3. The Evidence that LHC and Zimmerman Operated as One

 With respect to the question of whether LHC and Zimmerman operated as a single entity, the record contains, inter alia, financial records of LHC and deposition testimony from Zimmerman and LHC's CFO, Whittier.   The evidence discussed below, taken in the light most favorable to NetJets, shows, inter alia, that LHC, of which Zimmerman is the sole member-owner, was started with a capitalization of no more than $20,100;  that LHC proceeded to invest millions of dollars supplied by Zimmerman, including some $22 million in an internet technology company eventually called Bazillion, Inc. (“Bazillion”);  and that Zimmerman put money into LHC as LHC needed it, and took money out of LHC as Zimmerman needed it.

Whittier, who had known Zimmerman since 1980 and worked with him full time from 1996 until April 2002 (see, e.g., Deposition of James P. Whittier (“Whittier Dep.”) at 10-12), was LHC's only officer other than Zimmerman (see Affidavit of Laurence Zimmerman dated October 14, 2004 (“Zimmerman Aff.”), ¶ 16).   In addition to LHC, Zimmerman directly or indirectly owned or controlled a number of companies, including Landover Telecom Corporation (“Landover Telecom”), LandTel N.V. (“LandTel”), IP II Partners, LP (“IP II”), Fox Lair Holdings Corporation (“Fox Lair”), and Kimlar Consulting Corporation (“Kimlar”).  (See Whittier Dep. 66-67, 70, 72-73, 78.)   Whittier acted as CFO for each of those companies.  (See id. at 23, 68, 71, 72, 74, 79.)   During most of the period 1996 to April 2002, Whittier “got paid from either Mr. Zimmerman or one of his corporations.”  (Id. at 14.)

Zimmerman formed LHC in 1998;  for most of its operating life, it shared office space with some of Zimmerman's other companies;  LHC employed no more than five-to-seven people at any given time;  and some of its employees worked for both LHC and Zimmerman's other companies or for LHC and Zimmerman personally.  (See Whittier Dep. 24;  Deposition of Laurence Zimmerman, October 1, 2003 (“Zimmerman Dep. I”), at 58.)   Whittier ran much of LHC's day-to-day operations based on instructions, general or specific, received from Zimmerman.  (See Whittier Dep. 23, 39.)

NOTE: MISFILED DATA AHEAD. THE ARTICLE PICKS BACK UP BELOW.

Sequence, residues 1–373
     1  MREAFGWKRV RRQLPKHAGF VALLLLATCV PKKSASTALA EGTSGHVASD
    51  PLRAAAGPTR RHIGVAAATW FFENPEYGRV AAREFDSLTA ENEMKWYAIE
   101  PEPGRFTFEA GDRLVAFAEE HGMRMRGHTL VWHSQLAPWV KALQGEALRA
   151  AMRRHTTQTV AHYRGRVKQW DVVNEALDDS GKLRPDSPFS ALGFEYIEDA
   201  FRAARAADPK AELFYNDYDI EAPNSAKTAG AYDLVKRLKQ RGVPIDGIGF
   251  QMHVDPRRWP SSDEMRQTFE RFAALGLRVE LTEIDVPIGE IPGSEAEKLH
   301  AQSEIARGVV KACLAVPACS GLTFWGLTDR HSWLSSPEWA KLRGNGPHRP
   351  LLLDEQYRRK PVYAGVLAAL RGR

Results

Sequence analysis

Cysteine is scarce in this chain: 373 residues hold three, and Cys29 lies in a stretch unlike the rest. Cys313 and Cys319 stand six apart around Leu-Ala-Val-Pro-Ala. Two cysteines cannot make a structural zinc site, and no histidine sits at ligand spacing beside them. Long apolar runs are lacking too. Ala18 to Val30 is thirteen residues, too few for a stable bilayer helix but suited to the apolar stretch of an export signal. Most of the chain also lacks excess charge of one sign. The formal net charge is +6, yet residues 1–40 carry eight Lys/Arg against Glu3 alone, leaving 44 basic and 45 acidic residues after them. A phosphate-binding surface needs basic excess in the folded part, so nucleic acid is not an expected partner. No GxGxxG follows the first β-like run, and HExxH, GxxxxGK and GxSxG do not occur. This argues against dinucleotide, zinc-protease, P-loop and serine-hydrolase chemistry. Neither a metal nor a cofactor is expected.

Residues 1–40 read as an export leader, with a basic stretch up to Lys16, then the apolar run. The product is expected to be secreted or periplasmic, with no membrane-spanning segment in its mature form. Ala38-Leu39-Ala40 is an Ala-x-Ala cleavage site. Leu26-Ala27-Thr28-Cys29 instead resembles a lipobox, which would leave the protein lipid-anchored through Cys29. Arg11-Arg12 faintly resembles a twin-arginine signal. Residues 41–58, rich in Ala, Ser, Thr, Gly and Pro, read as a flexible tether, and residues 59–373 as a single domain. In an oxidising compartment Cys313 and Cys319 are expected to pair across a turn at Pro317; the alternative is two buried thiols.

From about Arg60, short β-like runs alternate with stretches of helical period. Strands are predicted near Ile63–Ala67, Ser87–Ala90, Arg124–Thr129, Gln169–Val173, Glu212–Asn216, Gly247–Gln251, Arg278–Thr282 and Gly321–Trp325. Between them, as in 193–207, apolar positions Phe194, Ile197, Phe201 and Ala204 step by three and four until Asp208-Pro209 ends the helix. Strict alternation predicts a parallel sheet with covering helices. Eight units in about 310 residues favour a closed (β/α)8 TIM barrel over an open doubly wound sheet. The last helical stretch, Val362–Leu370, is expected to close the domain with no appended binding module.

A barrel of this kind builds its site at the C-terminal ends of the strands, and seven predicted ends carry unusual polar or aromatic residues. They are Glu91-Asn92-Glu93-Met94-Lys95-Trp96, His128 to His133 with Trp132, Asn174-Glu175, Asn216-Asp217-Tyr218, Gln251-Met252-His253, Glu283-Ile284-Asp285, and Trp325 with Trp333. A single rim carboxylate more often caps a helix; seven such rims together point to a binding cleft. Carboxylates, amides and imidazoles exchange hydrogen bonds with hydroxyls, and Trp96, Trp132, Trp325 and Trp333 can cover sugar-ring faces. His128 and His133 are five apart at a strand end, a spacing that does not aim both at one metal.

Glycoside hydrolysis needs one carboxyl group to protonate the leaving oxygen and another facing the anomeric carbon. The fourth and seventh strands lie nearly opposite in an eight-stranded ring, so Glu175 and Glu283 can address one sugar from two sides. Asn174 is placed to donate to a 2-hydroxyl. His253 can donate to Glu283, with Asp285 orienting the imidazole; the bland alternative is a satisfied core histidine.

Zimmerman formed LHC “to be used as an investment vehicle for Mr. Zimmerman for him to make investments.”  (Id. at 19.)  “With regards to investments, Mr. Zimmerman reviewed investments.   If he decided to go forward after his review, he would make an investment through [LHC] to an investment corporation he wanted to invest in.”  (Id. at 22.)   Although Zimmerman sought Whittier's advice as to the best way of accomplishing something he had decided he wanted to do (see id. at 23), the ultimate decisions were always made by Zimmerman.  “There were no decisions, financial decisions, made with regard to LHC without Mr. Zimmerman's approval.”  (Id. at 22.)

Whittier testified that LHC also “was an operating company which maintained a consulting agreement with another entity called Landtel NV.” (Id. at 19.)   But LandTel, which was wholly owned by Zimmerman's Landover Telecom-and was apparently LHC's only paying client-did not come into existence until January 2000 (id. at 69-70), and LHC records do not show receipt of any consulting fees from LandTel until July 2000.   Until LandTel was formed, therefore, the day-to-day LHC operations run by Whittier apparently consisted only of making Zimmerman's investments and carrying on Zimmerman's personal business:

Q. What was your role with regard to LHC?

A.  I was acting chief financial officer.

Q. What were your responsibilities as chief financial officer?

A. They were defined by Mr. Zimmerman.   I basically tried to carry out what Mr. Zimmerman's wishes were.

Q. What did your day-to-day responsibilities with regard to Mr. Zimmerman include?

A. They varied.   It was working on a potential investment that LHC might make;  it was overseeing the consulting agreement that it had, might have had, that it did have with Landtel, and it was personal business.

Q. By “personal business,” do you mean the personal business of Mr. Zimmerman?

A. Sure.

Q. Do you mean anything else by “personal business? ”

A. No.

(Whittier Dep. 23, 24 (emphases added).)   Whittier's compensation was paid sometimes by LHC and sometimes by Zimmerman personally.  (See id. at 14.)

In connection with Zimmerman's personal business, LHC's records show numerous transfers of money by Zimmerman to LHC, as well as numerous transfers of money from LHC to Zimmerman.   Some of the transfers by Zimmerman to LHC were for the purpose of having LHC make investments, principally in Bazillion.   Other transfers by Zimmerman to LHC were made for the purpose of meeting LHC's operating expenses:

To the extent that the corporation had to pay operating expenses like rent, telephone, copy, employees, if there was not sufficient capital in the corporation, he would then advance the money personally to the corporation to meet these obligations.